As an offshoot of the discussion Comparing SHAPE data between different designs and different labs, Rhiju has asked me to shepherd a project that is designed to act as measure of the overall reproducibility of SHAPE results from one synthesis round to another. The general idea is that we will come up with a set of RNA sequences that will be sequenced with every synthesis round, and then monitor how consistent the results are from round to round. We haven’t documented all the details, but here are my thoughts on how it will work. Just be warned that some details may change.
As players, we’ll decide on about 40 sequences to be synthesized each round. In order to test all potential sources of variability, the bar codes will be (more or less) randomly reassigned for each round. Over time, we might decide to replace a few designs with ones that we think will be more informative. But for the most part, it should be the same set of designs, over and over again. I’ll take responsibility for some combination of a standardized data analysis and a narrative evaluation of each synthesis round, and of course the data will be available for anyone to notice anomalies.
So what 40 sequences should we choose? They don’t need to all have the same target folding or even the same length. In fact, I am thinking that we’ll want as much variation as we can think of – short/long, stressed/non-stresses, Christmas trees and cub scouts, small loops, big loops, long stacks, short stacks – you name it. It isn’t a requirement that they be sequences that have been synthesized before, but if we do have some of those, we can start getting comparisons with the first round, which seems nice.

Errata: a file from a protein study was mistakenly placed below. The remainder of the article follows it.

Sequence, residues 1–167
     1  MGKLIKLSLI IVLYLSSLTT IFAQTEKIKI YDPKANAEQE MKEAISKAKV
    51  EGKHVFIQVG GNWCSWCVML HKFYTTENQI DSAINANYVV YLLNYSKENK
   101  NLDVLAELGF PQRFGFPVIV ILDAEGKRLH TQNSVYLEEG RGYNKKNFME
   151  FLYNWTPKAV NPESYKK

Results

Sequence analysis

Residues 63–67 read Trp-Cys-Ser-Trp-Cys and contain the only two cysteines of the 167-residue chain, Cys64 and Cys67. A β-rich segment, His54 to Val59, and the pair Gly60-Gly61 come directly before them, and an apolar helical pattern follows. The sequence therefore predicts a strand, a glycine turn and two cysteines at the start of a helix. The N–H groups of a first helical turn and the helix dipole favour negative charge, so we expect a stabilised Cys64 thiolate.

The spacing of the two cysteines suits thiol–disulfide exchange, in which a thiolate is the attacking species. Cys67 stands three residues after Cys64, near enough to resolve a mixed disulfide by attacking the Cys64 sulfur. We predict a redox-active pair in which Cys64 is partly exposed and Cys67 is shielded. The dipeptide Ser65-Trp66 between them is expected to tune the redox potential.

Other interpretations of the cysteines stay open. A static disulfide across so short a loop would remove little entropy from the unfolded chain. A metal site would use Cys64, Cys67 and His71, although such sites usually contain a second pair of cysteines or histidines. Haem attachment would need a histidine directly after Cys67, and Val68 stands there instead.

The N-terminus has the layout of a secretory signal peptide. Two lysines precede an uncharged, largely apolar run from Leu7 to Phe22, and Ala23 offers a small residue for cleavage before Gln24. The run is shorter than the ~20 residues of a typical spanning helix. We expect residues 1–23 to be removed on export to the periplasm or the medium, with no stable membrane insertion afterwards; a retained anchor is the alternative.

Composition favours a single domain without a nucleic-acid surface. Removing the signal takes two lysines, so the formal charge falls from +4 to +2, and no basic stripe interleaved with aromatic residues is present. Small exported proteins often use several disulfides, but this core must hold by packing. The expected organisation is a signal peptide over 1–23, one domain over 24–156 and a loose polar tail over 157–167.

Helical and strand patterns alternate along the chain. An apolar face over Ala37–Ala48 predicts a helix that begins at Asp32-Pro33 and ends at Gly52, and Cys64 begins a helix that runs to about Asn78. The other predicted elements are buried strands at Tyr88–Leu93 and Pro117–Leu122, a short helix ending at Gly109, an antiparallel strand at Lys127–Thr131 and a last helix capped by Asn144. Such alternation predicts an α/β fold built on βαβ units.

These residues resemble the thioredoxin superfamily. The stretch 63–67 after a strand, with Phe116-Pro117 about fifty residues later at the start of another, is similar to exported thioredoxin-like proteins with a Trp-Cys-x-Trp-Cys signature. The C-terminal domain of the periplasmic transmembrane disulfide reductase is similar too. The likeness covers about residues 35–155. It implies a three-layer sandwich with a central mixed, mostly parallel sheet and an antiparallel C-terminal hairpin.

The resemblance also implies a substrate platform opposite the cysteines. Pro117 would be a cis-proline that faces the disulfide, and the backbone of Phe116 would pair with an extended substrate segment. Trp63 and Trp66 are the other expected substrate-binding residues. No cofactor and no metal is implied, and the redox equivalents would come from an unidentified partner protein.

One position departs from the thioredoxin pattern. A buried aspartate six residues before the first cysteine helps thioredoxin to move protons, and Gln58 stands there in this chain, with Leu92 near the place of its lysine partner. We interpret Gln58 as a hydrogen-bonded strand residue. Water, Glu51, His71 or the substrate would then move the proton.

The ground rules for this lab don’t quite match up with anything we’ve done before. There won’t be any points associated with it, and Jee and I will be responsible for working out the details of how the sequences get into the system. For now, I’ll start a wiki page for collecting the sequences.
So what sequences would you like to be part of this lab, and what makes them good candidates? To get things started, you can just post your ideas here. If you’re interested in following through, you should probably create a wiki account so you can be a first class participant.
I like your idea here.
I have an idea for one of the tests. I would like to see two designs that are mirror twins, to have a long stem and a few shorter. In one of the designs the long stem should come first and in the other it should come last. I would like to see if such a pair will do similarly or there is some effects on the lab data (or perhaps chirality effects). I will like to know if it matters where the long stem stem is placed in relation to the short ones. If things like that can affect the data results.